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With Victory at UFC 134, Brendan Schaub Wouldn't Mind Brock Lesnar Next

Brendan SchaubRIO DE JANEIRO -- With his second straight fight against an MMA legend now just a day away, Brendan Schaub is approaching a point of no return. Up until now, he's been quietly moving up the ranks -- an up-and-comer.

If he beats Antonio Rodrigo Nogueira at UFC 134, however, he knows the days of being just another heavyweight contender will likely be at an end. From there, as he put it, "There's only a couple fights left for me, if I do my job on Saturday night."

And yeah, he's considered what those potential fights might look like.

"They could give me the winner of Cain [Velasquez]-[Junior] dos Santos and I don't think many people would argue about it," said Schaub. "Or you could give me a big name like [Brock] Lesnar."

Then again, there's still that conditional aspect of his statement -- "if I do my job on Saturday night" -- to consider. That's why they have the fights, after all. It's also why you get weeks to prepare for them.

Instead of doing his entire training camp at the Grudge Training Center in Denver, like usual, Schaub traveled from Florida to New Mexico to prepare for Nogueira. He worked with Rashad Evans and the boys at Imperal Athletics in Boca Raton, then went to Albuquerque to see Greg Jackson and Mike Winkeljohn.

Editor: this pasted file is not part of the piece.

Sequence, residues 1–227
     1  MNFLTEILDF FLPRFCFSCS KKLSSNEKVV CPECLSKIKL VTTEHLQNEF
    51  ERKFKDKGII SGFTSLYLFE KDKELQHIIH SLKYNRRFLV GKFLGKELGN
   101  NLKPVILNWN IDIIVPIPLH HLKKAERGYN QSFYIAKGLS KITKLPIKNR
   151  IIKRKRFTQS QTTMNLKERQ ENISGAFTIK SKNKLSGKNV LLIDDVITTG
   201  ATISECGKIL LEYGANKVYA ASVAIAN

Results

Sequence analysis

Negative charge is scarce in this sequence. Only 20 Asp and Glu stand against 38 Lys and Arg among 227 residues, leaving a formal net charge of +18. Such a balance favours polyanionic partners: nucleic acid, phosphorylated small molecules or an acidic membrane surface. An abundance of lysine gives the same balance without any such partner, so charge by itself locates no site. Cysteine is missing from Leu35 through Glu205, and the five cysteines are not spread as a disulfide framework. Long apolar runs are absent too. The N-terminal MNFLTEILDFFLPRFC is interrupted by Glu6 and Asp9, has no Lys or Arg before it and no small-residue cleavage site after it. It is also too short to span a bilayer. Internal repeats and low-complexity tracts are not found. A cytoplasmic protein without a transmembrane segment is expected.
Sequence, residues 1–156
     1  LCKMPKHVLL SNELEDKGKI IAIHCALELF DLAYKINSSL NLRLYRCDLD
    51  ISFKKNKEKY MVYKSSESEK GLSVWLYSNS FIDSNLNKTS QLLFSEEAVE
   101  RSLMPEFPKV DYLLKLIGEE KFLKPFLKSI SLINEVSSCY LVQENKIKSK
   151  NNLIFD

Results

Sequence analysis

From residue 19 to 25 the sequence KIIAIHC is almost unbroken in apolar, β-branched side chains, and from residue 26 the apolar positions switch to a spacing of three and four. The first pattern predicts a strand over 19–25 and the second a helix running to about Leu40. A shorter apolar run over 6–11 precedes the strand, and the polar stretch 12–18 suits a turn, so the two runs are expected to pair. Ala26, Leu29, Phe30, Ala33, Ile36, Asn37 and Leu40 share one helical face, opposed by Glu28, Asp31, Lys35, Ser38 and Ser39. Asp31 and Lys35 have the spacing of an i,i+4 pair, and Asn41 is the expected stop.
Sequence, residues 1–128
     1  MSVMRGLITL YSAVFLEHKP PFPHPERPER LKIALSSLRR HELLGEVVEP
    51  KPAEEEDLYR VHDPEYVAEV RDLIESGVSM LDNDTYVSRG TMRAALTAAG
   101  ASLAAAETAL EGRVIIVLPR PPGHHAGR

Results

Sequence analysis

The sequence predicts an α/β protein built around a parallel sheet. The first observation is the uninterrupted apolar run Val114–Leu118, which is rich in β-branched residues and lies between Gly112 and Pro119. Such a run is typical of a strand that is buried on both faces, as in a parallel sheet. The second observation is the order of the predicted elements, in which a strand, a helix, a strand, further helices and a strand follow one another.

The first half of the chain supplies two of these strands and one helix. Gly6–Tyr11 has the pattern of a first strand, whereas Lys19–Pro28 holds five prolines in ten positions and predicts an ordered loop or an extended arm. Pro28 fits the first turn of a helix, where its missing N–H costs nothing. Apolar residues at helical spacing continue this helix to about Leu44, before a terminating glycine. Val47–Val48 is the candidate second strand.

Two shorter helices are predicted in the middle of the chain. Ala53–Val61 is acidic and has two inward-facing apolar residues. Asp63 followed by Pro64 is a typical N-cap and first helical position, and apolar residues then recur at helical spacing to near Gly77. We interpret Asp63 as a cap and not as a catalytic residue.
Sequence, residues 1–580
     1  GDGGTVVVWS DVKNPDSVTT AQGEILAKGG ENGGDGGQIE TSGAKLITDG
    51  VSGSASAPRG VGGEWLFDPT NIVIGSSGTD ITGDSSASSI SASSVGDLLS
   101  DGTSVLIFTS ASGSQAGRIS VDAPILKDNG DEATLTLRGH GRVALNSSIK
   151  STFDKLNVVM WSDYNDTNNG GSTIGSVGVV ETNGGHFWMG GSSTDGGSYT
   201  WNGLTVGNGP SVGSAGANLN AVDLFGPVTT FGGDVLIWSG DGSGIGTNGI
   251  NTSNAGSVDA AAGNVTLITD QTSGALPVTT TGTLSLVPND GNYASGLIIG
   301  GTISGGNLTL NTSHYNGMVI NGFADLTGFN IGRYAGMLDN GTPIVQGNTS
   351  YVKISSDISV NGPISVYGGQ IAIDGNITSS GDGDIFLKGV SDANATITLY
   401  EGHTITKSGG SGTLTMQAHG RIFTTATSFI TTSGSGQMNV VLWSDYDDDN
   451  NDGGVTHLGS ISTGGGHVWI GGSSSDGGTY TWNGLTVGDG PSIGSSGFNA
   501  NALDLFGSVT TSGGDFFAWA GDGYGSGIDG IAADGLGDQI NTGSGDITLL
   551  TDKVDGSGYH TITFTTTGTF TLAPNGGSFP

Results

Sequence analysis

The one man he didn't see all that much of this time was trainer Trevor Wittman, who will be missing from Schaub's corner for the first time in Schaub's professional career.

"I've never had a corner make or break the fight, so it's not a big deal," he said. Which is not to say it made no difference to be without Wittman this time around.

Before his fight with Mirko "Cro Cop" Filipovic in March, Wittman had to ban Schaub from the gym temporarily, strictly for his own good. Schaub's always been a gym rat, and even he admitted that he'd worked himself to the point that it was counter-productive.

So how did he handle the impluse to overtrain this time around?

"Worst I've ever done," he grinned. "I had no one to give me an intervention. The last week or so I've had time to rest though, so I feel good."

What many onlookers are wondering is how Nogueira feels heading into this fight. At 35 years old and with three surgeries separating him from his last fight eighteen months ago, Nogueira's physical condition is still a question mark. Schaub seems to choosing to believe that his opponent will be in prime shape, since the fight has high stakes for both men.

"There's pressure on both of us. There's pressure on him fighting in front of his home crowd, and there's pressure on me. There's title implications in this fight, so it's a big deal for both of us."

Of course, if Schaub wins and the UFC offers him Lesnar rather than a title shot, Schaub would take it in a heart beat, he said.

"Oh yeah. All day. If that's what they want to do, give me Lesnar after this fight, I'm cool with it."

In order to even have that conversation, first he has to get past Nogueira. The Brazilian might bring a battered body into the cage, but he also brings the experience that Schaub still lacks.

And don't tell Big Nog that experience doesn't matter in the fight game. He's earned his. As you can tell just by looking at the man, he also paid for it in full.

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